Luciano Acosta - D.C. United - celebrates with teammates

D.C. United approach the 2018 season having already added young midfielders from Costa Rica and Venezuela, two nations MLS sides have recently mined en masse for talent.

Still, the biggest potential for growth on United’s current roster remains on the boots of Luciano Acosta, the Argentine playmaker who faces a defining season.

The 23-year-old has been one of the league's most enigmatic South American imports in his first two years in MLS.

At times, he appears to dazzle even his teammates with qualities matched by perhaps only a dozen contemporaries in the league. At others, he barely appears in the run of play at all. And in terms of outright production, he defied conventional wisdom last year and regressed in his second MLS season.

Yet as D.C. approach a season that includes the long-awaited arrival of a new stadium and the lingering memories of a last-place finish in the Eastern Conference, they remain all in on Lucho in Year 3. Just look at the last two transfer windows, when GM Dave Kasper invested most of the club’s resources into the four midfield positions – including the Costa Rican Ulises Segura and Venezuelan Junior Moreno – surrounding Acosta’s No. 10 role.

“I certainly think he can put himself among some of the best young attackers in this league. He hasn’t done it yet,” head coach Ben Olsen said of Acosta Thursday on a conference call. “He’s an absolute joy to watch at times. But my challenge to him this year is to really take his game to the next level and put himself into the conversation with some of the best attackers in this league. And I think he’ll rise to it.”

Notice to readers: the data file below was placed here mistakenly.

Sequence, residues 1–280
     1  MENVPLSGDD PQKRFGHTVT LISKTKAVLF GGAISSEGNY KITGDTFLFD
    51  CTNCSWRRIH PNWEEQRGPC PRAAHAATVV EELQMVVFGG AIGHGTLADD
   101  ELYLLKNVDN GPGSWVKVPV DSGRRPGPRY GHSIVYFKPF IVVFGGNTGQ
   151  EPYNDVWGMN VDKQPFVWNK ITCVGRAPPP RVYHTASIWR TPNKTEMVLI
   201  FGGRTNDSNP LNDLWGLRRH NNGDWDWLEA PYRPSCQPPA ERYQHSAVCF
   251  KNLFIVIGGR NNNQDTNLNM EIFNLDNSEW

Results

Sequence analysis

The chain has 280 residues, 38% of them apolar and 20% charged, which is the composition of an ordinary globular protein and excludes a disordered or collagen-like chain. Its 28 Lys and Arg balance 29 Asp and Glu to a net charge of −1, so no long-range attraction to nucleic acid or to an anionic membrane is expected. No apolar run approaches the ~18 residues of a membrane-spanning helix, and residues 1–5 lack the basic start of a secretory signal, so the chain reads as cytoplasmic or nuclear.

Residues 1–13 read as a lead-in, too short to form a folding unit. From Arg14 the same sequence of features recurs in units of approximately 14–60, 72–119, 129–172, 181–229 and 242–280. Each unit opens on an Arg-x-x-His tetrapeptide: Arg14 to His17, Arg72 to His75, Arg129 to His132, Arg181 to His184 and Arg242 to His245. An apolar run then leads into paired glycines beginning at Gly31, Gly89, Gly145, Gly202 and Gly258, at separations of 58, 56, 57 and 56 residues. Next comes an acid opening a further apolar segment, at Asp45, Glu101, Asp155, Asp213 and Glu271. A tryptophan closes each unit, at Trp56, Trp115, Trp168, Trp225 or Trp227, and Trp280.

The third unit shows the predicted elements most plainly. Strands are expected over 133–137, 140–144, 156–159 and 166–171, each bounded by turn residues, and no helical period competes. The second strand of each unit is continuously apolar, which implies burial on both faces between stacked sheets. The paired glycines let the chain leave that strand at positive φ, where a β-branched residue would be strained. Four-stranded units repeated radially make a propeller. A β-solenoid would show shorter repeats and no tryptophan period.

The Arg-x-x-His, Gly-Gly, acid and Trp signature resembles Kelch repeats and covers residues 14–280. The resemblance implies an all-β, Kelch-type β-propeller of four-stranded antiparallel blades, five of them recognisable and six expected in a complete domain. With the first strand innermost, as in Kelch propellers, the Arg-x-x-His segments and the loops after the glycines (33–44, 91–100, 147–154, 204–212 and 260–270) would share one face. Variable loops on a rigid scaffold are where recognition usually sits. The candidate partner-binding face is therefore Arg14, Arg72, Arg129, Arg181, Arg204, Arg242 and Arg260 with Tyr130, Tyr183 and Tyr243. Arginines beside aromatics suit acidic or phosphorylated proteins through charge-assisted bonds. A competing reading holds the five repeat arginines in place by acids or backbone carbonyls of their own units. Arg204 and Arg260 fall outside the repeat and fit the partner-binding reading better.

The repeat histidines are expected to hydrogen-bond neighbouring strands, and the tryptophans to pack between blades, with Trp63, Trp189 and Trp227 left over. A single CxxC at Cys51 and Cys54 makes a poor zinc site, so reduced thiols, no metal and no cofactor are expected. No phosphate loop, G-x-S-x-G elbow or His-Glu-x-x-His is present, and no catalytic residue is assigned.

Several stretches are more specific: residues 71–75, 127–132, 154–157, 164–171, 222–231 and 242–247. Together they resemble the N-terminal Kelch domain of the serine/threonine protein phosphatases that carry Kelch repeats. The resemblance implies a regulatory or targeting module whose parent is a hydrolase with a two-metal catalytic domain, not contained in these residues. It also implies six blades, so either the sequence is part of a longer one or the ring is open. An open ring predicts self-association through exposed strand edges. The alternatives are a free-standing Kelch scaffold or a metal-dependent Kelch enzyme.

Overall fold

In fairness to Acosta, very few truly transformational imports have done their damage so young. Of the league’s MVP finalists in 2017, only Atlanta’s Miguel Almiron and Josef Martinez were close to Acosta’s age, with everyone else in the field now 30 or older.

Fellow Argentine Mauro Diaz, a good comparison to Acosta in terms of skill set and background, had his breakout seasons with FC Dallas at age 24 and 25 before injuries limited him in 2017.

With a wife and two young children, Acosta’s off-the-field challenges are perhaps more involved than the average player his age.

“I think later in the year and this offseason, [they] really transitioned into enjoying their life outside of soccer in the United States, which is a huge component,” Olsen said. “Whether you’re 21 or 30. How you’re assimilating to life outside of soccer, especially with a family, is a big part of this.”

Olsen also admits the talent surrounding Acosta in 2017 before the midseason arrivals of wingers Zoltan Stieber and Paul Arriola wasn’t good enough.

And United still lack a striker with a double-digit goals pedigree. Olsen is hopeful the competition between Patrick Mullins, Darren Mattocks and potentially a third, yet-to-be-signed forward will bring a breakout season for one of them.

“Everybody in this group, they want to prove something,” Olsen said. “Whether it’s guys that have been around last year and want to get the results to show that [that] was a one off, [or] whether it is new guys that are coming in.”